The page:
The Williston crash showed error types that are not surprising with what’s called level 2 automation. The human driver was responsible for monitoring the environment, but the automation allowed him to shirk this responsibility. This result was foreseeable, given the unfortunate use of the moniker “Autopilot,” which may suggest to the ordinary driver that the car can fully control itself (as compared with pilots, who know that they must still be engaged even when their airplane is operating on autopilot). Thus, one lesson learned is that if the automation should only be usable in certain circumstances, it should be “geo-fenced” so that it will work only in those circumstances instead of depending on the driver to decide appropriately.
What can we expect as our cars move beyond level 2? The aviation experience has demonstrated that as automation increases, so do the challenges. As automation becomes more complicated, drivers are less likely to understand it, and as automation becomes more reliable, drivers will become more complacent, less skillful, and less vigilant to potential failures. As a result, if a failure occurs in a more complicated and reliable system, the likelihood increases that most drivers will not be able to recover successfully from the failure.
In the Asiana investigation, we found that the airline used the available automation as fully and as often as possible. After the crash, we recommended that the airline require more manual flying, both in training and in line operations—not because we’re against technology, but because we see what can happen when pilots lose their skills because they’re not using them.
Then there’s the question of removing the driver altogether. Airliners will have pilots for the foreseeable future because aviation experts have not yet developed a “graceful exit” regarding failure of the automation or what to do if it encounters unanticipated circumstances. Similarly, drivers will be in the picture until the industry develops a graceful exit for their automation failing or encountering unanticipated circumstances . . . and unanticipated circumstances are certainly abundant on our streets and highways.
In every one of our investigations, we study the human, the machine, and the environment. Even across modes, humans and their interactions with automation are a common denominator in an accident’s probable cause. For 50 years, we’ve been finding answers to help the transportation industry save lives, and when our recommendations are put into practice, the industry and the public generally realize safety benefits. We are excited about the opportunities to use the lessons we’ve learned over these many years to help the transportation industry move toward safer vehicles, regardless of who (or what) is operating them.
We’ve come a long way since Lawrence Sperry’s gyroscopic stabilizer, but as accidents like Asiana and Williston show, we’ve still got a way to go before automation can significantly reduce fatalities on our streets and highways. We look forward to continuing to work with vehicle manufacturers to help them develop safer and more reliable automated transportation.
At the NTSB, we’ve investigated many tragic transportation accidents that could have been prevented with some planning, forethought, and good decision making. As we mark the beginning of the holiday travel season, we want to encourage all Americans to make it their goal to arrive safely at their destinations, so we’ve boiled down some lessons we’ve learned that the traveling public can use.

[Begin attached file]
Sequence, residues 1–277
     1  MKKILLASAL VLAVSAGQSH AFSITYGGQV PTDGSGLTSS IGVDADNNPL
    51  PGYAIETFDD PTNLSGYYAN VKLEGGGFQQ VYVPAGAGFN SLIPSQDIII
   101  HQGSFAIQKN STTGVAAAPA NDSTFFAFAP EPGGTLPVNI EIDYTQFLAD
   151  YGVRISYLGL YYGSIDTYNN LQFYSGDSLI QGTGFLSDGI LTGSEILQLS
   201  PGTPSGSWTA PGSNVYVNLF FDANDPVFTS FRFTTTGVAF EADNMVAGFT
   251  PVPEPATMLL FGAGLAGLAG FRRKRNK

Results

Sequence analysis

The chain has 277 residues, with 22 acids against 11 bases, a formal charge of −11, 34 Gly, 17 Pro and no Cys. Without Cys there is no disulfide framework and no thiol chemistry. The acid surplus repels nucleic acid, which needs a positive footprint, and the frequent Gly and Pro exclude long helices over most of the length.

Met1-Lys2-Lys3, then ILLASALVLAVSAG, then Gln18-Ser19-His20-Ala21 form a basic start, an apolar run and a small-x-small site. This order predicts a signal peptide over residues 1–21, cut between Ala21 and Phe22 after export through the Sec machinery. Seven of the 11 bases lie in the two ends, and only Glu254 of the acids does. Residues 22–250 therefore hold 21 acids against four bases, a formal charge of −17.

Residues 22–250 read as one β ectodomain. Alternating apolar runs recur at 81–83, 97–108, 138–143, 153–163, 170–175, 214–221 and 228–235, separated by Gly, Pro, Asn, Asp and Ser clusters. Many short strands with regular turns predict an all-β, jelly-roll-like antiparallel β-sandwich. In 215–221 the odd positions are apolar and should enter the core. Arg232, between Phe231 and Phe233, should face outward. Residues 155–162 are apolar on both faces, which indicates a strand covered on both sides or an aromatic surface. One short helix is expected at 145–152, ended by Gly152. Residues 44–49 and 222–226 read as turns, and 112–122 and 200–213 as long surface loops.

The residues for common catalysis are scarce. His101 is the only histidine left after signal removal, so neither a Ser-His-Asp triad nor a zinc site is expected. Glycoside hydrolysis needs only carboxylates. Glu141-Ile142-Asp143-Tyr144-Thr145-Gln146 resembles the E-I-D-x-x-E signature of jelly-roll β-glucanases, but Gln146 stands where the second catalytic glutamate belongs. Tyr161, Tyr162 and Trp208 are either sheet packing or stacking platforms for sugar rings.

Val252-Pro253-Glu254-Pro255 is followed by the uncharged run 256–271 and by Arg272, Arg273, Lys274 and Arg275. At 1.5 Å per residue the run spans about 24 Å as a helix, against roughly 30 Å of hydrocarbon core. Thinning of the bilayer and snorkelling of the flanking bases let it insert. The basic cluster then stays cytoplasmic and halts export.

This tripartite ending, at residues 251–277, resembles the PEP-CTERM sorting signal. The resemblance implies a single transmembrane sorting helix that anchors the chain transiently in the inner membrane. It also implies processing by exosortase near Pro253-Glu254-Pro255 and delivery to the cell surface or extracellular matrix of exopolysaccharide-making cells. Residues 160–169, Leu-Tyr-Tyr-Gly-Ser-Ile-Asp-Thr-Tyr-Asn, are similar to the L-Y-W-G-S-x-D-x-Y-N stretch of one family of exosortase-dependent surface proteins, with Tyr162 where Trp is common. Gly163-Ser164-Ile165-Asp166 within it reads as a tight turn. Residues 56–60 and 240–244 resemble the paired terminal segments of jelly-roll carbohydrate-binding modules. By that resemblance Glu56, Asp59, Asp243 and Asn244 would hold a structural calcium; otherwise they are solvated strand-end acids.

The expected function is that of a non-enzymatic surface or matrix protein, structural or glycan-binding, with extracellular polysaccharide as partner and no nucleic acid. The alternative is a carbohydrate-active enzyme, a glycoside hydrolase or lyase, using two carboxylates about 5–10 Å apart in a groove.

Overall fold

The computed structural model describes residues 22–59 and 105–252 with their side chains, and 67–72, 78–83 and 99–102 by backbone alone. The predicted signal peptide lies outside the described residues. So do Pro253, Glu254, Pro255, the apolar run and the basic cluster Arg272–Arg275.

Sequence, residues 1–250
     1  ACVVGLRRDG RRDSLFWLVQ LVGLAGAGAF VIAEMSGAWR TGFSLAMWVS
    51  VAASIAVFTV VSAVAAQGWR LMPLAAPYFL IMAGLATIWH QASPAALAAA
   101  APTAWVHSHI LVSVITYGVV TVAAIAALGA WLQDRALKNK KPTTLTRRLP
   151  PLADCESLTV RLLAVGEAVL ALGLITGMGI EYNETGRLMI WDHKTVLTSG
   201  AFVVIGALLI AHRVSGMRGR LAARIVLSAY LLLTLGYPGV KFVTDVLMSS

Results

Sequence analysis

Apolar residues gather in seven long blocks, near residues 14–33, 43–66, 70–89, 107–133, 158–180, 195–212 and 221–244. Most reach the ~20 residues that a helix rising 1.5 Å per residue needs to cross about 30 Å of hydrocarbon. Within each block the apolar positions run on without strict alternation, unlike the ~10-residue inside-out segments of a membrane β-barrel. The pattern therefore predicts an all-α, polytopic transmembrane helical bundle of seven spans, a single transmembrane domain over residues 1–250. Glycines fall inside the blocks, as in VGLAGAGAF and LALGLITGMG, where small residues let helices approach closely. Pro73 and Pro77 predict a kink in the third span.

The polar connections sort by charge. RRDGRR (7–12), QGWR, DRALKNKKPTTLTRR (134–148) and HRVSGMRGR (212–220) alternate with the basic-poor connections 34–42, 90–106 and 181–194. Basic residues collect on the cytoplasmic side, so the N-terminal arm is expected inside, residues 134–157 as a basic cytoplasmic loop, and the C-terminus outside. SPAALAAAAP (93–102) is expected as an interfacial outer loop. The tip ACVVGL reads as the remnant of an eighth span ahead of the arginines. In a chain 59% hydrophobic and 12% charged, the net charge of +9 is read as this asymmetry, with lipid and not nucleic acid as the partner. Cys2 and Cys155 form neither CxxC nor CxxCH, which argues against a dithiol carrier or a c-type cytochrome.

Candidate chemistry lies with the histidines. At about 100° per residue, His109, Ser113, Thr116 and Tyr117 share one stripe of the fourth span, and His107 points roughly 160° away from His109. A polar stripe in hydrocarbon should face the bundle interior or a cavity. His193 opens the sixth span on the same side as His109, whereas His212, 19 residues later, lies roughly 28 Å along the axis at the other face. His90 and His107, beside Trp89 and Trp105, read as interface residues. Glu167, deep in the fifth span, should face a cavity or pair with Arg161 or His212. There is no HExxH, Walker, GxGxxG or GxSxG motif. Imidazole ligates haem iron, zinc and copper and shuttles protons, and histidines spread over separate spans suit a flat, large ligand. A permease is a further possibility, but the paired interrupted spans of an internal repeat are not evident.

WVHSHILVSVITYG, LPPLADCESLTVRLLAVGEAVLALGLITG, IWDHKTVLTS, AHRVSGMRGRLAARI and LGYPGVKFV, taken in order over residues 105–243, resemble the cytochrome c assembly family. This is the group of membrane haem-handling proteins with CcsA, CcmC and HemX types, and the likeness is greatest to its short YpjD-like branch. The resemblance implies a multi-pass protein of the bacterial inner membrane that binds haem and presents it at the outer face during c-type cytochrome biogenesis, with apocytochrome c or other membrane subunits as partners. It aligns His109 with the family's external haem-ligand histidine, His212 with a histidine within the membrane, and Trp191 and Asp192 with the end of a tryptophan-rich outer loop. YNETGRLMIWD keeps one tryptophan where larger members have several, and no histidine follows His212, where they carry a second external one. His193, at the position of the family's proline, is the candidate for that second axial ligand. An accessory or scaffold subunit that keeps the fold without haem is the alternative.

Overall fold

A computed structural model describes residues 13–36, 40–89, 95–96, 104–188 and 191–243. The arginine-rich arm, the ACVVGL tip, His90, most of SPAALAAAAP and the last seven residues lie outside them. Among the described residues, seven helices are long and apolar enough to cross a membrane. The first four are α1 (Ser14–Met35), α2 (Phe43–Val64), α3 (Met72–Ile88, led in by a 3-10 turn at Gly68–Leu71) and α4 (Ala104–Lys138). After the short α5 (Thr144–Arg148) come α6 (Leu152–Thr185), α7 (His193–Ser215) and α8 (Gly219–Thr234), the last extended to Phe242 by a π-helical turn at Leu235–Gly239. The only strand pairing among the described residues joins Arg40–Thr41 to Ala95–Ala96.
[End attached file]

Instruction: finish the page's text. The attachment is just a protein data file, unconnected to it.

Fatigue, impairment by alcohol and other drugs, and distraction continue to play major roles in highway crashes. Here’s what you can do:
If your holiday celebrations involve alcohol, ask a friend or family member to be your designated driver, or call a taxi or ridesharing service.
In a crash, seat belts (and proper child restraints) are your best protection. Always make sure that you and all your passengers are buckled up or buckled in!
Don’t take or make calls while driving, even using a hands-free device. Set your navigation system before you start driving. If you’re traveling with others, ask them to navigate.
By Bus or Train
The NTSB has made recommendations to improve passenger rail and motorcoach operations and vehicle crashworthiness, but travelers should know what to do in an emergency.
Pay attention to safety briefings and know where the nearest emergency exit is. If it’s a window or roof hatch, make sure you know how to use it.
If you’re unsure of where the exits are or how to use them, or if you didn’t receive a safety briefing, ask your driver or the train conductor to brief you.
Always use restraints when they’re available!
By Air or Sea
Airline and water travel have become incredibly safe, but these tips can help keep you and your loved ones safe in an emergency.
When flying, make sure that you and your traveling companions have your own seats—even children under age 2.
Don’t forget your child’s car seat. The label will usually tell you whether your child car seat is certified for airplane use; the owner’s manual always has this information.
If you don’t know the rules for using a child’s car seat on your flight, call the airline and ask what you need to know.
Pay close attention to the safety briefing! Airline and marine accidents have become very rare, but you and your family can be safer by being prepared.
Whether you’re on an airplane or a boat, know where to find the nearest flotation device.
No matter how you travel, you deserve the benefits of the lessons we’ve learned through our investigations, but you need to play an active part to take advantage of them. This holiday season, make a commitment to put safety first.